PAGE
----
The senior Defense official told CBS News the repeal will be through executive order signed by President Joe Biden. The announcement is expected to take place at a ceremony with newly-confirmed Defense Secretary Lloyd Austin, who will order the Pentagon to go back to the policy enacted in 2016 by former Defense Secretary Ash Carter that allowed transgender Americans to serve openly.

The White House did not respond immediately to a request for comment.

The new order will direct the branches of the military to outline an implementation plan. 

The ban was announced by former President Trump via a tweet in July 2017. The ban took effect in April 2019 and barred transgender Americans from enlisting in the military.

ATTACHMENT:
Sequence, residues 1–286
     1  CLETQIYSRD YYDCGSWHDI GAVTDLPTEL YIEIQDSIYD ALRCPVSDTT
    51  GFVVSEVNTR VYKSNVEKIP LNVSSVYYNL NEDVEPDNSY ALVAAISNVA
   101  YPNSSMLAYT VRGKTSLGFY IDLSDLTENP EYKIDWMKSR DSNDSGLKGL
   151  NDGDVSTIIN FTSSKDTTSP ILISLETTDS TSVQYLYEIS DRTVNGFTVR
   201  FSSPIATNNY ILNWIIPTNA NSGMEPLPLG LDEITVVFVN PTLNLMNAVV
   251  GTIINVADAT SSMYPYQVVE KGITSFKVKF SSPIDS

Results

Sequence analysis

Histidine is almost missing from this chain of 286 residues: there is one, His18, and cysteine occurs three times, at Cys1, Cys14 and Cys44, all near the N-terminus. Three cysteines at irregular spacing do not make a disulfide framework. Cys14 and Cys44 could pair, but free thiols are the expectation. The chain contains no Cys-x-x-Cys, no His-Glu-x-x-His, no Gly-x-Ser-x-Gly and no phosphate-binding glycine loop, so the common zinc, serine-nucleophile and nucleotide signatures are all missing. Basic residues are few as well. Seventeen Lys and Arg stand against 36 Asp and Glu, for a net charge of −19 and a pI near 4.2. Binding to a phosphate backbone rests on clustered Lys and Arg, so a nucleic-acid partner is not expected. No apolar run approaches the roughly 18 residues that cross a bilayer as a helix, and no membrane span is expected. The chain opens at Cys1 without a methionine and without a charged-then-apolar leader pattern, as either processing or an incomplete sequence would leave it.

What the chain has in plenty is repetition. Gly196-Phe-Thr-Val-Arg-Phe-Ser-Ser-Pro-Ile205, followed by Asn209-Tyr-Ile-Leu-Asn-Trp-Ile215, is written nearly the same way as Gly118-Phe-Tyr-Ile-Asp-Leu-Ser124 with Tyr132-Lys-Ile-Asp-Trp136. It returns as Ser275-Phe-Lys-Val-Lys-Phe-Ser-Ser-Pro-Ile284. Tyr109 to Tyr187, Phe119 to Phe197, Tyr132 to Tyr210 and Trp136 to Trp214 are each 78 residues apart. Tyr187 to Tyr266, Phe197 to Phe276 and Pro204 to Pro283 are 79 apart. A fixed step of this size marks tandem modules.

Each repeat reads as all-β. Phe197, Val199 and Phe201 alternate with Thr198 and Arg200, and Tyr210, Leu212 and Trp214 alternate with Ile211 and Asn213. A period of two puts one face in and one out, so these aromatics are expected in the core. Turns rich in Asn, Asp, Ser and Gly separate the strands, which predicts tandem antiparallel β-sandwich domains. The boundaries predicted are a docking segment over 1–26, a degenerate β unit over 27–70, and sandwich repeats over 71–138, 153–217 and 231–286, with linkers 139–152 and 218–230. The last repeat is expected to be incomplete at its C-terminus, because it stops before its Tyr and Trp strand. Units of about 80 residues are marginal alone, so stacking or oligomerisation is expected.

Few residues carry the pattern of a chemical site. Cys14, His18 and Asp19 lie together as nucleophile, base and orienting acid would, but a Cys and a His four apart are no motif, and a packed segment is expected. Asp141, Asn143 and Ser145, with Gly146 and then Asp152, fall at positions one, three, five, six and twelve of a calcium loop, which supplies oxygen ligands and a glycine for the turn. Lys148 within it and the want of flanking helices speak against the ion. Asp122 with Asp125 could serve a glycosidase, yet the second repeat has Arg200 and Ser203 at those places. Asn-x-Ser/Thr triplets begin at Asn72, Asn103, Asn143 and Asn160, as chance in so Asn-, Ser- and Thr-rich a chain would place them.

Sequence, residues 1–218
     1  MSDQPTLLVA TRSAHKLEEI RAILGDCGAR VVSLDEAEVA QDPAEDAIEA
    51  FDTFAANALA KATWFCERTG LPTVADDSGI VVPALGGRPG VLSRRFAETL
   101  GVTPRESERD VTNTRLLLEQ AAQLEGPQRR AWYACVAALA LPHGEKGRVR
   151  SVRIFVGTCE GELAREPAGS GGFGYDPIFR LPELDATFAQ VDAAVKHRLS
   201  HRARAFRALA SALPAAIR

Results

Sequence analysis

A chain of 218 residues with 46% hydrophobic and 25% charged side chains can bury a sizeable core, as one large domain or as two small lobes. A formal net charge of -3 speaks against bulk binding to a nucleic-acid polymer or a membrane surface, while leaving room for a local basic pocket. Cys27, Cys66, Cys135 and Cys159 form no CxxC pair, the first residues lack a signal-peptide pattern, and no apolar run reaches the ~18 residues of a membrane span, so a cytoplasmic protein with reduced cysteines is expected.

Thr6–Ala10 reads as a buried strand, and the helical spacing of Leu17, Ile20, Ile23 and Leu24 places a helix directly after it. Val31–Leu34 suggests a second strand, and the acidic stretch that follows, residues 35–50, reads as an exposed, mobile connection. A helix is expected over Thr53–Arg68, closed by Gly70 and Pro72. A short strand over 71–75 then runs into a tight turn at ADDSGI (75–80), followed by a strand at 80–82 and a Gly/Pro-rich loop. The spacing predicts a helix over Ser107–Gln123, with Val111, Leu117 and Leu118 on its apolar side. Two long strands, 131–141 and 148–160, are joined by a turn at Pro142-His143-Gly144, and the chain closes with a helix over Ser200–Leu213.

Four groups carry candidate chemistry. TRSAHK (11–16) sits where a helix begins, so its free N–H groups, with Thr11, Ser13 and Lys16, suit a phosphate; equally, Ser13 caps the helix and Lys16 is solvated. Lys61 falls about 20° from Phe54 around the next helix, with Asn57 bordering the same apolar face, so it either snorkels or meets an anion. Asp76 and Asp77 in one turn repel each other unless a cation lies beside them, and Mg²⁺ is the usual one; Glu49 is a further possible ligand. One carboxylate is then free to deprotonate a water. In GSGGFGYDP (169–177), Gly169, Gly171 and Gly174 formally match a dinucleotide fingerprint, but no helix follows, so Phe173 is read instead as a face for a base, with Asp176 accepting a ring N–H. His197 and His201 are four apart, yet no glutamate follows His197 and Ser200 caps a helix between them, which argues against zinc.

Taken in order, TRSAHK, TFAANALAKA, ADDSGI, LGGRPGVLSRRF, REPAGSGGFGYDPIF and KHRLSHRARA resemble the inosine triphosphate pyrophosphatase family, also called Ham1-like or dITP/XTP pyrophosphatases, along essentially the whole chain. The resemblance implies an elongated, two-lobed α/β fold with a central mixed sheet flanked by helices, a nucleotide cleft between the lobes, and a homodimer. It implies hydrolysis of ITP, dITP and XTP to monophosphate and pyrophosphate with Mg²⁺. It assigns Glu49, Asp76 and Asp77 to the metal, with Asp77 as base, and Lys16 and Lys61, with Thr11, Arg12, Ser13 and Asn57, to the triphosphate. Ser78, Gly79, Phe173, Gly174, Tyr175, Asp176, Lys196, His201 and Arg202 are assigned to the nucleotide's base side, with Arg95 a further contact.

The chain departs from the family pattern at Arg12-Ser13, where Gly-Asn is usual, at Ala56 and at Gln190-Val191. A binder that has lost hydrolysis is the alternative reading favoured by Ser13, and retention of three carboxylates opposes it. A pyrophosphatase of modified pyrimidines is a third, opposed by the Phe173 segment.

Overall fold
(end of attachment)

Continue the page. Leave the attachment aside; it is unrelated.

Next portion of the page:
In 2014, it was estimated there were around 15,500 transgender military members serving, according to a study by the Williams Institute at the UCLA School of Law.

Biden frequently repeated on the campaign trail his promise to repeal the ban.

Austin said at his Senate confirmation hearing last week that he planned to repeal the ban.

“I support the president’s plan or plan to overturn the ban,” Austin said on Tuesday when asked by Senator Kirsten Gillibrand, “I truly believe, Senator, that as I said in my opening statement, that if you’re fit and you’re qualified to serve and you can maintain the standards, you should be allowed to serve. And, you can expect that I will support that throughout.”

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Trump Pardons Steve Bannon In One of His Final Acts As 45th President

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(CNN)— President Donald Trump has decided to pardon his former chief strategist Steve Bannon, in a last-minute decision made only hours before he is scheduled to depart the White House for a final time.